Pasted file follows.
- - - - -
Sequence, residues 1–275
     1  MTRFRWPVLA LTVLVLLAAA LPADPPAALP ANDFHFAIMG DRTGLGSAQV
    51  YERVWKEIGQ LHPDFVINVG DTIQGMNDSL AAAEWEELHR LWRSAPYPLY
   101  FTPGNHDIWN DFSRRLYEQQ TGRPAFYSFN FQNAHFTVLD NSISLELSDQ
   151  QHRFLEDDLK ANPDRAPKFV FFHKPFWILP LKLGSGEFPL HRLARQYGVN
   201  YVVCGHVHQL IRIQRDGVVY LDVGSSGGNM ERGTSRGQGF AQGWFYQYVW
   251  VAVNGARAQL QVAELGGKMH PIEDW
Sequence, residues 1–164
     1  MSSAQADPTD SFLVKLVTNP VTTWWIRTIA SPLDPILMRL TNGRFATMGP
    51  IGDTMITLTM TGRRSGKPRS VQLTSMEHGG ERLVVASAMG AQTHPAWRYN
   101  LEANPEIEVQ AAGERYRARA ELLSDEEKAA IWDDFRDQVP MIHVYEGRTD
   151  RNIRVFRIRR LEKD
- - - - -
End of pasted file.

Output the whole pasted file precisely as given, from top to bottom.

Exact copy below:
Sequence, residues 1–275
     1  MTRFRWPVLA LTVLVLLAAA LPADPPAALP ANDFHFAIMG DRTGLGSAQV
    51  YERVWKEIGQ LHPDFVINVG DTIQGMNDSL AAAEWEELHR LWRSAPYPLY
   101  FTPGNHDIWN DFSRRLYEQQ TGRPAFYSFN FQNAHFTVLD NSISLELSDQ
   151  QHRFLEDDLK ANPDRAPKFV FFHKPFWILP LKLGSGEFPL HRLARQYGVN
   201  YVVCGHVHQL IRIQRDGVVY LDVGSSGGNM ERGTSRGQGF AQGWFYQYVW
   251  VAVNGARAQL QVAELGGKMH PIEDW
Sequence, residues 1–164
     1  MSSAQADPTD SFLVKLVTNP VTTWWIRTIA SPLDPILMRL TNGRFATMGP
    51  IGDTMITLTM TGRRSGKPRS VQLTSMEHGG ERLVVASAMG AQTHPAWRYN
   101  LEANPEIEVQ AAGERYRARA ELLSDEEKAA IWDDFRDQVP MIHVYEGRTD
   151  RNIRVFRIRR LEKD